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Historical papers

Lancet 1896; ii: 104-107

Sir George Beaston published the above paper in the Lancet in 1896. In it he describes four patients with advanced breast cancer who showed significant clinical improvement, one of whom he regarded as cured, following a surgical oophorectomy.  This paper was the first to describe the use of an endocrine therapy in the treatment of an advanced cancer.  After graduating from Edinburgh University, Beaston lived on a Scottish estate where it was well known to the local farmers that cows that had their ovaries removed would lactate indefinitely.  He considered some of the histological changes in the lactating breast to be akin to those of cancer.  In animal experiments he demonstrated that oophorectomy reduced proliferative processes in the breast which subsequently led to the operation being performed in man.  Following oophorectomy in these four patients Beaston does not appear to have performed this operation again.

Am J Med Sci 1923; 166:  48-66

In 1932 Crohn, Ginzburg and Oppenheimer published their classical paper on regional ileitis in the Journal of the American Medical Association (JAMA).  However, it is likely that that they were not the first to describe the condition today known as Crohn's disease.  Moschowitz and Wilensky, in 1923, published in the American Journal of Medical Science four cases and gave a detailed description of the pathology of this condition.  Crohn should be regarded as lucky to have the disease named after him. It was the policy of JAMA in the 1930s to list authors alphabetically rather than indicating the importance of his contribution to the work.  The senior surgeon in the department in which he worked was omitted - Dr Berg.  Furthermore, it is considered by many that Ginzburg and Oppenheimer wrote the majority of the paper.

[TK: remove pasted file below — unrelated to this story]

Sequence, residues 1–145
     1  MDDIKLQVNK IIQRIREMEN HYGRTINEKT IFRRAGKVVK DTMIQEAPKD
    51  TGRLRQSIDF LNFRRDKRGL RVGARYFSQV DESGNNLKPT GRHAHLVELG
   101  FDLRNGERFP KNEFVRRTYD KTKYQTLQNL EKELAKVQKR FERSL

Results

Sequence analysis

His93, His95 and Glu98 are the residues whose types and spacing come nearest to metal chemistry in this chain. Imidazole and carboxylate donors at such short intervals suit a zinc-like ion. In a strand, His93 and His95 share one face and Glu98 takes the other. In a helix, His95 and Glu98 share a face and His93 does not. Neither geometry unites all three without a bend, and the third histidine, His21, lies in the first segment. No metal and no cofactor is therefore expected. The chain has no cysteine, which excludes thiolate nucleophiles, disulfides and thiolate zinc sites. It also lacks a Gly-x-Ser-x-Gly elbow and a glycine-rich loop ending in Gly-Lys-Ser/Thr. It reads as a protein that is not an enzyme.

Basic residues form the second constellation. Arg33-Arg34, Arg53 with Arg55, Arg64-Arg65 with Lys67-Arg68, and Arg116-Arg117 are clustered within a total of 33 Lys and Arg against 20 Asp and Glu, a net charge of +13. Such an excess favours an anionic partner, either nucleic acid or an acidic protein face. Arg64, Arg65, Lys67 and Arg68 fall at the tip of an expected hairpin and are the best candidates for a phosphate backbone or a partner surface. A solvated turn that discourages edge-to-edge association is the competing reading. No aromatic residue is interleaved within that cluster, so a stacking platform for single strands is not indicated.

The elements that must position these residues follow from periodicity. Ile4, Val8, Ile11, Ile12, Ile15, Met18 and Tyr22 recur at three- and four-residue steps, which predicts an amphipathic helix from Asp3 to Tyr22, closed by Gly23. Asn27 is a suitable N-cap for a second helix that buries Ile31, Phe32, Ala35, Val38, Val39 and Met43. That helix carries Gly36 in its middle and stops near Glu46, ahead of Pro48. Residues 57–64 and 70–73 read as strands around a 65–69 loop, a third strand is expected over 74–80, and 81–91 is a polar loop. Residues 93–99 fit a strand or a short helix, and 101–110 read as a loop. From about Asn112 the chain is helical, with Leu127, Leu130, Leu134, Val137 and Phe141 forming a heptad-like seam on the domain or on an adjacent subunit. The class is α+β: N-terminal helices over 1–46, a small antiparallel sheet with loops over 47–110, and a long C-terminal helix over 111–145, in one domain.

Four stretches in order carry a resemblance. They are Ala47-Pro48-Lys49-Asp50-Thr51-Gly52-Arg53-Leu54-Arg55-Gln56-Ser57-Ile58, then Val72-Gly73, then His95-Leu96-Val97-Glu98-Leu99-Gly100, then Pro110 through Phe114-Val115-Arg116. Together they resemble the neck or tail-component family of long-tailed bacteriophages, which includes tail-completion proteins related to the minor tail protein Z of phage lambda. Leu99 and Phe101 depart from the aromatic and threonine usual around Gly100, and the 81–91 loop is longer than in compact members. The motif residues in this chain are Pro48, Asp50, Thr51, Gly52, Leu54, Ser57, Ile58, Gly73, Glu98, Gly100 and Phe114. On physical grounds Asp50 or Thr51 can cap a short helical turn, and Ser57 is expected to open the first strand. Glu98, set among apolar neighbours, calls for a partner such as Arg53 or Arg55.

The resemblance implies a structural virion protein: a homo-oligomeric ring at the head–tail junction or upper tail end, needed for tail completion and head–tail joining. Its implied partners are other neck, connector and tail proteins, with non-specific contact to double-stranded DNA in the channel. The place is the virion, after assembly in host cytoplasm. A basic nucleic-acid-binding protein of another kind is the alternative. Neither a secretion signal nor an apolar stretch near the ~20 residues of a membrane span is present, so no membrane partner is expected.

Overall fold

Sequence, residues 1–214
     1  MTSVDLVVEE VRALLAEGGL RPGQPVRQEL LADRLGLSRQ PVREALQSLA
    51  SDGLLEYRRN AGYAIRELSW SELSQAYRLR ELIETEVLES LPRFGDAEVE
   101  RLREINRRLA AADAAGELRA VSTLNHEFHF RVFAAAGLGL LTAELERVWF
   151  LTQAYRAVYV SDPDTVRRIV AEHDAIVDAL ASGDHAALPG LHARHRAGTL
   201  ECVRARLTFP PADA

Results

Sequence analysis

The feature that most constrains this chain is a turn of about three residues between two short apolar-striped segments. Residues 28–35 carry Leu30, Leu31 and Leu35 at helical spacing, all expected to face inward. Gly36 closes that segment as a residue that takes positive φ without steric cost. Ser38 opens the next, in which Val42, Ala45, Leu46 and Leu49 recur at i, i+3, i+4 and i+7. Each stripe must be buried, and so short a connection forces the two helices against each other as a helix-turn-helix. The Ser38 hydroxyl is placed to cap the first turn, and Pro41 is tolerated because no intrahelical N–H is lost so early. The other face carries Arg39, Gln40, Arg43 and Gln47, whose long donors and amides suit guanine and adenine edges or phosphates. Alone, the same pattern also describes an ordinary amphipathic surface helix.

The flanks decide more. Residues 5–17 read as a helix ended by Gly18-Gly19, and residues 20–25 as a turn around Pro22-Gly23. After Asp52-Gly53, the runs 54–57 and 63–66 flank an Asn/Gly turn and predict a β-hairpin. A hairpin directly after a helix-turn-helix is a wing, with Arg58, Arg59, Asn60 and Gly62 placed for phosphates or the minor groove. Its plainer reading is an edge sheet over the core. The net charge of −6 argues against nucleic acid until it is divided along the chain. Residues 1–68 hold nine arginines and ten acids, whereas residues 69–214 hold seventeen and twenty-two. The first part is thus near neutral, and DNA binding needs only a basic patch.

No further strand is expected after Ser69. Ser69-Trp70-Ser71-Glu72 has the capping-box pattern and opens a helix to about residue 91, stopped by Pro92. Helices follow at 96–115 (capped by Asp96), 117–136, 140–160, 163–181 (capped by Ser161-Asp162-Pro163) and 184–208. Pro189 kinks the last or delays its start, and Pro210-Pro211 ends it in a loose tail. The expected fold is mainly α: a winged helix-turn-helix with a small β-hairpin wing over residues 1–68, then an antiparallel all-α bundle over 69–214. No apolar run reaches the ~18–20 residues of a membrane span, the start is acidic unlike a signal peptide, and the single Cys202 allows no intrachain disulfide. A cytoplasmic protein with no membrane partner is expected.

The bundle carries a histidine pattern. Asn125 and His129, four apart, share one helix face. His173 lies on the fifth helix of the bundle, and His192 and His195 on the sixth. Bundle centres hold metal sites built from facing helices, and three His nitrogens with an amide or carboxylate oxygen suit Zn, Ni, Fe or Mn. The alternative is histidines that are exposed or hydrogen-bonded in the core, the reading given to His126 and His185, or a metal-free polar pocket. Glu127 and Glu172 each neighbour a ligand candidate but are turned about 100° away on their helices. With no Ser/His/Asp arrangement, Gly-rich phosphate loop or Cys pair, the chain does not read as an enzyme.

Ann Surg 1908;  48:  541-549

In 1908, Hogarth Pringle published the above paper in the Annals of Surgery detailing his experiences of eight cases of liver trauma seen at the Glasgow Royal infirmary - all of which unfortunately died.  Three succumbed prior to surgery.  Of those that he operated on he recognised what today would be called an 'abdominal compartment syndrome'.  On opening the abdomen he noticed increased bleeding from the liver injuries.  His first patient exsanguinated prior to any intervention.  In subsequent patients he was able to reduce the operative blood loss by compression of the hepatic artery and portal vein between his finger and thumb in the free edge of the lesser omentum (Pringle's manoeuvre).  Pringle recognised the increased mortality following blunt abdominal trauma and in view of the almost inevitable death following surgical intervention recommended conservative management for most cases of blunt abdominal trauma.

Br J Surg 1950;  38:  175-182

In this 1950 paper published in the British Journal of Surgery, Barrett reviews the literature and discusses the opinions prevalent at that time regarding the aetiology and pathology of 'oesophagitis' and 'peptic ulcer of the oesophagus'. He cites historical papers published by Tileston (1906), Stewart and Hartfall (1929) and Lyall (1937). Barrett acknowledges that 'peptic ulcer of the oesophagus' was first described by Albers in 1839 and was considered by Rokitansky to arise as result of chronic gastro-oesophageal reflux.  He comments that the condition is often associated with peptic ulcer disease of the stomach and duodenum and describes in close proximity to the areas of oesophageal ulceration, islands of 'ectopic' gastric mucosa. In the paper he hypothesised that this gastric-type columnar epithelium was found in the oesophagus as result of a congenitally short oesophagus that drew the gastric mucosa above the gastro-oesophageal junction.  What in fact he was describing was intestinal metaplasia arising as a result of chronic gastro-oesophageal reflux and subsequently termed 'Barrett's oesophagus'. 

Arch Surg 1920:  71:  121-122

In 1920, Walter Sistrunk reported the Mayo Clinics experience of the treatment of thyroglossal cysts.  The total number of patients treated was 31 of which 18 were men and 31 were women.  The cysts presented between birth and 53 years with most becoming apparent between 20 and 25 years of age.  Many presented with abscess formation, in which case, they discharged spontaneously resulting in sinus formation.  In this paper, only two pages long, Sistrunk reported that simple excision of the cyst was often unsuccessful.  He recommended a transverse cervical incision.  The cyst should then be dissected and any proximal tract should be identified.  Below the hyoid bone the tract was usually easy to identify.  Above the hyoid bone the tract was more difficult to define and consequently he recommended removal of the middle third of the hyoid bone and dissection of a core of tissue in the base of the tongue up to the level of the foreman caecum.  He was able to perform this operation without complication and no incidence of mouth infection.  The operation has subsequently been name after him.
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